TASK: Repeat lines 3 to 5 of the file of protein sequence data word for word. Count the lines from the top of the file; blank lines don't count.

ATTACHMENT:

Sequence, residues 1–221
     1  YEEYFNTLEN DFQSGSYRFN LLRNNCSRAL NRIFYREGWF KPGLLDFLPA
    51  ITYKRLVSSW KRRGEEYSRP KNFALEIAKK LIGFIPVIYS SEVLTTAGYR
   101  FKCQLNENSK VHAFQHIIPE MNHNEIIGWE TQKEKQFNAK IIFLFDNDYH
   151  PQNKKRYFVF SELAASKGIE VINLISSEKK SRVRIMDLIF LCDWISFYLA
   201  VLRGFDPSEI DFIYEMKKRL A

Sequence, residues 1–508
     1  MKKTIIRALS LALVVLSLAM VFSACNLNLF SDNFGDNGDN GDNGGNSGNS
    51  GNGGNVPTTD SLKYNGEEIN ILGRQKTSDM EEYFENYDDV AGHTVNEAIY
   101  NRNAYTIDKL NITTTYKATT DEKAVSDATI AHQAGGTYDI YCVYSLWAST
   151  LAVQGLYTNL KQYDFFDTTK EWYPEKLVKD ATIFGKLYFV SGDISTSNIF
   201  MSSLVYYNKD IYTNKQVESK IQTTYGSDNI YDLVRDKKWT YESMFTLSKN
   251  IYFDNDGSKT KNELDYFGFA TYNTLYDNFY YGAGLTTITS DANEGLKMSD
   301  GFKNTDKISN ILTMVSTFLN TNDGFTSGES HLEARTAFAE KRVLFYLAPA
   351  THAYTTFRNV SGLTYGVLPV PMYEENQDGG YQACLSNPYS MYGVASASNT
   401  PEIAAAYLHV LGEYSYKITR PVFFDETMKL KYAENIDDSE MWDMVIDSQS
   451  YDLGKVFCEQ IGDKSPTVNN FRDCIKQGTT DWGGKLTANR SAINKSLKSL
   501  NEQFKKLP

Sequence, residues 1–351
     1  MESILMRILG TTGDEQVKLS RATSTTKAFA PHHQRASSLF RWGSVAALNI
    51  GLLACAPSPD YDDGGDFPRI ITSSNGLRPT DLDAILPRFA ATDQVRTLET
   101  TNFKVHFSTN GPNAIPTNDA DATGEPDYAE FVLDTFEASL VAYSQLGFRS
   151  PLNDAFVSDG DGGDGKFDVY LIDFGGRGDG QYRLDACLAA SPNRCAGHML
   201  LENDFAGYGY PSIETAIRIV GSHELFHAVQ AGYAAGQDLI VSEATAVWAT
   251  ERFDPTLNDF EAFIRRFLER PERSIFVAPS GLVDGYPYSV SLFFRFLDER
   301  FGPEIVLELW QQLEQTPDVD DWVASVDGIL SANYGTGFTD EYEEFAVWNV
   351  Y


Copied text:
    51  ITYKRLVSSW KRRGEEYSRP KNFALEIAKK LIGFIPVIYS SEVLTTAGYR
   101  FKCQLNENSK VHAFQHIIPE MNHNEIIGWE TQKEKQFNAK IIFLFDNDYH
   151  PQNKKRYFVF SELAASKGIE VINLISSEKK SRVRIMDLIF LCDWISFYLA